Chew On This

Dental hygienist flossing a patient's teeth du...

Image via Wikipedia

Here’s something we can all sink our teeth into: Flossing saves lives. We don’t often think of periodontal disease as a major health risk, but by gum (by golly) recent research states otherwise. Researchers believe that bacteria living along the gum line and between our teeth contributes to the risk of stroke, heart attack, possibly even dementia.

Gum disease causes strokes? When our gums harbor bacteria, and they’re left unchecked, they can flood into our arteries and bloodstream. It seems that high levels of these bacteria in the bloodstream foster cerebrovascular disease. As small plaques form in our carotid arteries—the major pipes to our brain—our risk of stroke increases if these plaques rupture. Carotid plaques that rupture cause thrombosis (blockage) or shedding of more blood clots traveling to the brain causing strokes. Bacteria from the gums settle on these plaques; this causes an inflammatory reaction resulting in plaque rupture and later thrombosis.

It doesn’t just stop there of course. Those same bacteria travel in the bloodstream and lodge on other developing plaques in the arteries. If those partly blocked arteries are in our coronary circulation, the resulting thrombosis leads to a heart attack. In seemingly normal, healthy folks, early heart disease is hard to detect. But bleeding gums after flossing is immediately obvious and alerts us to hidden gum disease, potential for bacterial growth between the teeth, and the resulting bad bacteria leaking into our arteries.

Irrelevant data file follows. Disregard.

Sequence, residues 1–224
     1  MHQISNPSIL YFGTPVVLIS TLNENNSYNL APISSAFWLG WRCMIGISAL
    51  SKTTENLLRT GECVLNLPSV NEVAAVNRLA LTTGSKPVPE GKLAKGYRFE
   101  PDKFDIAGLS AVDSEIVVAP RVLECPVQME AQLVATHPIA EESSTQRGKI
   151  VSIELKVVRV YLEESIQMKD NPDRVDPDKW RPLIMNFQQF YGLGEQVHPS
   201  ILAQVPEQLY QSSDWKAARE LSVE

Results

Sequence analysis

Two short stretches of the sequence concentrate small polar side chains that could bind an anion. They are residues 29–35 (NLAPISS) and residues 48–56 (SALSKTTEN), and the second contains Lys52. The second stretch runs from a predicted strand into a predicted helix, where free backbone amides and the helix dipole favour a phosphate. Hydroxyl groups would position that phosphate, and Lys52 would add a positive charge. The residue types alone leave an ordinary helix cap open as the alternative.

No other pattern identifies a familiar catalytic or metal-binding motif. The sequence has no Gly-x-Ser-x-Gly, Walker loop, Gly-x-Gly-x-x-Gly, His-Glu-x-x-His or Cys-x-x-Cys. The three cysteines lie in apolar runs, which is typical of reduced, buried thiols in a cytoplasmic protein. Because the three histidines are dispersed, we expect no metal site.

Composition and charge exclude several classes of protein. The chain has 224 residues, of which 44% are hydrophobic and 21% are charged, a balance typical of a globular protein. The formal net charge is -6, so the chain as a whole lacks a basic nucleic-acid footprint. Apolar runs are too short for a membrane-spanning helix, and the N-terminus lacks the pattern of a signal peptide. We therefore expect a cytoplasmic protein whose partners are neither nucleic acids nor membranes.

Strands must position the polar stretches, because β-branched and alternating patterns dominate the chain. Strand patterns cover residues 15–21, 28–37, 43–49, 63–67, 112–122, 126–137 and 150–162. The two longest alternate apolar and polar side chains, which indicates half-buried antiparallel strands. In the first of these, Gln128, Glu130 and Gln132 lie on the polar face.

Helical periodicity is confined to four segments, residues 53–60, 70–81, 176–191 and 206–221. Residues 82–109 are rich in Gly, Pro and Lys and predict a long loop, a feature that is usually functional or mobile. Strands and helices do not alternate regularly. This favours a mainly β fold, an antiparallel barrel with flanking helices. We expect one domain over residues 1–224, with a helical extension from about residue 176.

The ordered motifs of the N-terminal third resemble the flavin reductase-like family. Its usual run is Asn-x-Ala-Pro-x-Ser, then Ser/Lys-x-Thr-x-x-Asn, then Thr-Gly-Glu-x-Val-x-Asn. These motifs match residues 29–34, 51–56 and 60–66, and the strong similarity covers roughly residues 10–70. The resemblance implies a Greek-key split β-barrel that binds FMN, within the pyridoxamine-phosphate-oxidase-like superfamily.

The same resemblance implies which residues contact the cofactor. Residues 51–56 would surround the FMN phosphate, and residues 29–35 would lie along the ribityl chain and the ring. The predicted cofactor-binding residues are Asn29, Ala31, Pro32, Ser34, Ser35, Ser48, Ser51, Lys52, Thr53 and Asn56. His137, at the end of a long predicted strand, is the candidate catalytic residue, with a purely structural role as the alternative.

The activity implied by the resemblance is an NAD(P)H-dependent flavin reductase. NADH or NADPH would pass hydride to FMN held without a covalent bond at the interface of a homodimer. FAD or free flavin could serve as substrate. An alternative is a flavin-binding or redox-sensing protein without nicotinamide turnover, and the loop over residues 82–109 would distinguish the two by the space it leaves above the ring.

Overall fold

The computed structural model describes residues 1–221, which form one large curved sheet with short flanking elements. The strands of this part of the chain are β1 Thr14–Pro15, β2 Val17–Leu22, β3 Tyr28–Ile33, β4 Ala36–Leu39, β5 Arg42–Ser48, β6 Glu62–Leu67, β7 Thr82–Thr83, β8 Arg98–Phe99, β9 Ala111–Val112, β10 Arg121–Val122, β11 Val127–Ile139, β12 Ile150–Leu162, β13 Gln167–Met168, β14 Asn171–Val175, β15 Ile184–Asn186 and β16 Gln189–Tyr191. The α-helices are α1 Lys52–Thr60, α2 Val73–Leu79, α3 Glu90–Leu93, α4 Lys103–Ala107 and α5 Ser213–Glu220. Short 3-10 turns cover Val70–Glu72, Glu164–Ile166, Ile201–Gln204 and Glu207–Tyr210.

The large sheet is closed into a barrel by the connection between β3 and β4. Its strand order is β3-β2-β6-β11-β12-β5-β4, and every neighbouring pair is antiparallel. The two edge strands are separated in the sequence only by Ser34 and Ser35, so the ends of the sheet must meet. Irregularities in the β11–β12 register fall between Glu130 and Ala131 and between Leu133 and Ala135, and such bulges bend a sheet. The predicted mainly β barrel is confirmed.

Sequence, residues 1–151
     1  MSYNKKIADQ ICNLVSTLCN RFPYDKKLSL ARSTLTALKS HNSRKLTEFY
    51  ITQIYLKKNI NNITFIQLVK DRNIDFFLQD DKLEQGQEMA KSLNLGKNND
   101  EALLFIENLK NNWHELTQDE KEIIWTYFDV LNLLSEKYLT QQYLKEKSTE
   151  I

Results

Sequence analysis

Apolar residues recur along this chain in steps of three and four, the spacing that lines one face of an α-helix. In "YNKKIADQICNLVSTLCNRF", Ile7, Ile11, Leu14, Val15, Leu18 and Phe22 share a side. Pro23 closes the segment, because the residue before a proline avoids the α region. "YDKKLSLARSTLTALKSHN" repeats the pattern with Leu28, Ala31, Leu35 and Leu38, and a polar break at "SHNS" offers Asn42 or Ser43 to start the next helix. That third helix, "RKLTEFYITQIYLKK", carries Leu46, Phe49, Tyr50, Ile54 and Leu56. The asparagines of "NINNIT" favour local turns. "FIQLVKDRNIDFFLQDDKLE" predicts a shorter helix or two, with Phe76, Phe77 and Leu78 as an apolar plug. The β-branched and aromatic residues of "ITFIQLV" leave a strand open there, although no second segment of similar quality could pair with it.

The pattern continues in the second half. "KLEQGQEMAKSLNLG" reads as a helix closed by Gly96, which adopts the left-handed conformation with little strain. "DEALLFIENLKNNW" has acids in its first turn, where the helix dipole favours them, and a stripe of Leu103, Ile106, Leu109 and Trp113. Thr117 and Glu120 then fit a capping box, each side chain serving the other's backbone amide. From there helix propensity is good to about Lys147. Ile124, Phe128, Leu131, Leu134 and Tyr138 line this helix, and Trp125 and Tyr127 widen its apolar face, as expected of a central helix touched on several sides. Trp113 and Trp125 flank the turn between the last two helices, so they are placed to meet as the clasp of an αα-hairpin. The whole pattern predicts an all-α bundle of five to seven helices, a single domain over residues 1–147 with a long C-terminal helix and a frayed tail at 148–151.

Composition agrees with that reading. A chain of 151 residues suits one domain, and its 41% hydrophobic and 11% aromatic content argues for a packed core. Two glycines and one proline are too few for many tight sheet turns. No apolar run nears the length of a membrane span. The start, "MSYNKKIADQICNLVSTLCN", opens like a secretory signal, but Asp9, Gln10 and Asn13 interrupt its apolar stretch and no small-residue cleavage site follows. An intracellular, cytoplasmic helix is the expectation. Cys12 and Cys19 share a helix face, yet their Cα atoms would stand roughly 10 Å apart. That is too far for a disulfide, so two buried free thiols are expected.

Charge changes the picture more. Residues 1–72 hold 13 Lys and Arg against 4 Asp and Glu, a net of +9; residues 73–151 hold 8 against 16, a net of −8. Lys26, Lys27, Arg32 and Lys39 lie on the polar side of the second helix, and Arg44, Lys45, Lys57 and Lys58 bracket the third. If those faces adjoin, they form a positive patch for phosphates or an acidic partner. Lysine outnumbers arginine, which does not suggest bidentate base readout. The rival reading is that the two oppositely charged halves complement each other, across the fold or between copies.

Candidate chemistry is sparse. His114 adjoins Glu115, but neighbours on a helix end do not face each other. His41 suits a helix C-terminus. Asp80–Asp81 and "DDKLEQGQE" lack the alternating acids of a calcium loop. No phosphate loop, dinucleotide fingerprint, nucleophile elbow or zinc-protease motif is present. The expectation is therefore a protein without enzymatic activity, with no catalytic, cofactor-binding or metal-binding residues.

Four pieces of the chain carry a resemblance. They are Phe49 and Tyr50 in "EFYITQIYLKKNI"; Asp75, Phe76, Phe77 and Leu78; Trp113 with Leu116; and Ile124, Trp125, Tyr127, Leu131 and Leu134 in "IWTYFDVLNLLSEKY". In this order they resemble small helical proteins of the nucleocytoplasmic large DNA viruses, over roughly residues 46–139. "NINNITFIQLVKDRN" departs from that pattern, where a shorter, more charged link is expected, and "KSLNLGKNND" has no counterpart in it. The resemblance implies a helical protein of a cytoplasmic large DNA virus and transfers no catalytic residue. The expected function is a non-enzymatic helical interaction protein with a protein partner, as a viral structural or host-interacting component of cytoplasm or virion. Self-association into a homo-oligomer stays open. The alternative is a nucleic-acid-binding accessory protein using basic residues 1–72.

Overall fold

What about these same bacteria causing dementia? It seems that some researchers believe that a common bacteria found in the mouth causes an inflammatory reaction that triggers the cascade of events leading to Alzheimer’s disease. More research in this area remains before we can say that daily flossing will not only keep us healthier but also smarter. For now it makes sense that if you want to stay healthy put some of your discretionary healthcare money where your mouth is and floss everyday.

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About Steve P. Sanders

A general internist writing and sharing ideas and art.

2 Responses to “Chew On This”

  1. Keep up the excelent work, bookmarked and referred a few mates.

  2. Good evening

    Great share, thanks for your time

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